a machine that converts the energy in a stream of fluid into the mechanical energy of a driven member, such as a shaft or rod. A distinction is made between hydraulic engines, in which the driven member moves because of a change in the angular momentum of the fluid (hydroturbine and waterwheel), and positive-displacement hydraulic engines, which are actuated by hydrostatic pressure as the fluid fills the operating chambers and moves the plungers. (The plunger is an operating member that performs work directly because of the action of the fluid pressure on it; it may be a piston, plate, pinion tooth, and so on.)
In the first type of hydraulic engine the driven member performs only rotary motion. In the positive-displacement type, the driven member may perform either a restricted reciprocating or reciprocating-rotary motion (hydraulic cylinders) or an unrestricted rotary motion (hydraulic motors). Hydraulic cylinders are subdivided into force and torque types. In the force hydraulic cylinder, a rod connected to a piston performs rectilinear reciprocating motion relative to the cylinder; in the torque hydraulic cylinder, also called a quadrant, a shaft performs reciproeating-rotary motion relative to the housing through an angle of less than 360°.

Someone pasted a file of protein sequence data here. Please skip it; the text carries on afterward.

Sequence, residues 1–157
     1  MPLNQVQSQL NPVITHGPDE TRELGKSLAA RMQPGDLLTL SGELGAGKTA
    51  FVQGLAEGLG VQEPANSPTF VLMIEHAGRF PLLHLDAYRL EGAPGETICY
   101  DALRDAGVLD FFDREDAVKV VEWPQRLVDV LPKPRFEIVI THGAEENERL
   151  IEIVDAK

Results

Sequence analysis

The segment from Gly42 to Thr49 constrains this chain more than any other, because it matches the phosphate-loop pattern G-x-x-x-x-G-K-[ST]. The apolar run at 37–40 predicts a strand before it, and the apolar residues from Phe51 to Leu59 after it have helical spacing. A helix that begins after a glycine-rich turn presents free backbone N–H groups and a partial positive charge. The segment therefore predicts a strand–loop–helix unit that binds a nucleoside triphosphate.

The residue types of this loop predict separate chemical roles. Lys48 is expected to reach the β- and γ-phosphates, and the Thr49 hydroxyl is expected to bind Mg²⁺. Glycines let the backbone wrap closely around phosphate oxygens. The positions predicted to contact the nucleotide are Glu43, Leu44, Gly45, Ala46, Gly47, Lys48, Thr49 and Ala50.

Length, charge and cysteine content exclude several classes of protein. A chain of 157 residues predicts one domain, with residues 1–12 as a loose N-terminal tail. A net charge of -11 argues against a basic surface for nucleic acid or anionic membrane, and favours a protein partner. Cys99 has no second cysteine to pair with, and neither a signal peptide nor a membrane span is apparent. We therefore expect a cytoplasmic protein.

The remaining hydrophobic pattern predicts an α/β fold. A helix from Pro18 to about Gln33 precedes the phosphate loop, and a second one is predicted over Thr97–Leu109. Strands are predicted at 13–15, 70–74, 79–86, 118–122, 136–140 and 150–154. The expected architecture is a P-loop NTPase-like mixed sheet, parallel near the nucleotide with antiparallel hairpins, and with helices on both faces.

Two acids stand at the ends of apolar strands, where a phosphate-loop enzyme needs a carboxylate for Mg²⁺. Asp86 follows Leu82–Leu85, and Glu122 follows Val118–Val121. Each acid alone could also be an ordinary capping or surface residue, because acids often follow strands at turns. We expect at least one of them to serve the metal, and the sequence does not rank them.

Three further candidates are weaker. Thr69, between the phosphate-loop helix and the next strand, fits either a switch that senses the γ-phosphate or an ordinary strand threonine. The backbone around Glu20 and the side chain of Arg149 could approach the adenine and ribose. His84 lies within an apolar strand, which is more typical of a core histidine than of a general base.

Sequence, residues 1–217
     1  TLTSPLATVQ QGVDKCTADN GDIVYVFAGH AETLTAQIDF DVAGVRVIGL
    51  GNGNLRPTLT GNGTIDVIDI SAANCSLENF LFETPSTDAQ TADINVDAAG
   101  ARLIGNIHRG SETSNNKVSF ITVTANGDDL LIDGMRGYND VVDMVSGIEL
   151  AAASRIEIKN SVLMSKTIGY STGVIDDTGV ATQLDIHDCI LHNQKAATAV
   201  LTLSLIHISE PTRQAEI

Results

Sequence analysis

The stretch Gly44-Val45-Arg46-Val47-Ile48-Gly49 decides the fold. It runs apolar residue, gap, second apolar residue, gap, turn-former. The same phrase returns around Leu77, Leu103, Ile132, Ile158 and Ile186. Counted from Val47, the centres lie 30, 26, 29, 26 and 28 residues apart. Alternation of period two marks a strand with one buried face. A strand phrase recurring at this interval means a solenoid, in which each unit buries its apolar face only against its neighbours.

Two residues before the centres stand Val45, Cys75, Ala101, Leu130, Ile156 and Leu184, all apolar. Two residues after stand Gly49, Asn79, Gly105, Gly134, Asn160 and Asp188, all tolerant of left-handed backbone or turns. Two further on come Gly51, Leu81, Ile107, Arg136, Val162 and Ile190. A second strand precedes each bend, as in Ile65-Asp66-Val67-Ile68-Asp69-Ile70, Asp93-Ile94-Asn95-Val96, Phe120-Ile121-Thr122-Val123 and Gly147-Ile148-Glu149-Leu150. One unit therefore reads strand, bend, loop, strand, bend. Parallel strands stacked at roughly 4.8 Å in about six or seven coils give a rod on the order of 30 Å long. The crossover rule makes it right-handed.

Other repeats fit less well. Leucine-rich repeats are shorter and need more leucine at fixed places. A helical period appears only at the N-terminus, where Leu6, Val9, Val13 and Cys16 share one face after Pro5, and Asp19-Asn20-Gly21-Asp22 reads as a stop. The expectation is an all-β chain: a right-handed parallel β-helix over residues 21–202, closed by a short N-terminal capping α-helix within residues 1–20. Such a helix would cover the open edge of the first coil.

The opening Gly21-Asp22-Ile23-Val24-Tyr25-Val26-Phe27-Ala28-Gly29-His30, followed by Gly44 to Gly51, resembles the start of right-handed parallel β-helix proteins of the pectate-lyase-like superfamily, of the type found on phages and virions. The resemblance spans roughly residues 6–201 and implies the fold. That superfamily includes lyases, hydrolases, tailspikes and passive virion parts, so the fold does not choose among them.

Hydraulic motors are subdivided into piston types, in which the operating chambers are fixed and the plunger performs only reciprocating motion, and rotor types. In the latter the operating chambers move and the plungers perform a rotary motion that can be combined with reciprocating motion (link hydraulic motors). Link hydraulic motors are subdivided into plate and rotor-piston (radial and axial) types depending on the form of the plunger. The most common is the axial rotor-piston type, in which the pressure of the working fluid on the piston develops a reactive force on an inclined washer, thus causing the shaft to rotate. Positive-displacement hydraulic engines are used as hydraulic drives for machines. The operating pressure of the fluid may be as high as 35 meganewtons per sq m, or 350 kilograms-force per sq cm. Hydraulic motors are made with power up to 3,000 kilowatts.
REFERENCEOb”emnye gidravlicheskie privody. Moscow, 1969.
I. Z. ZAICHENKO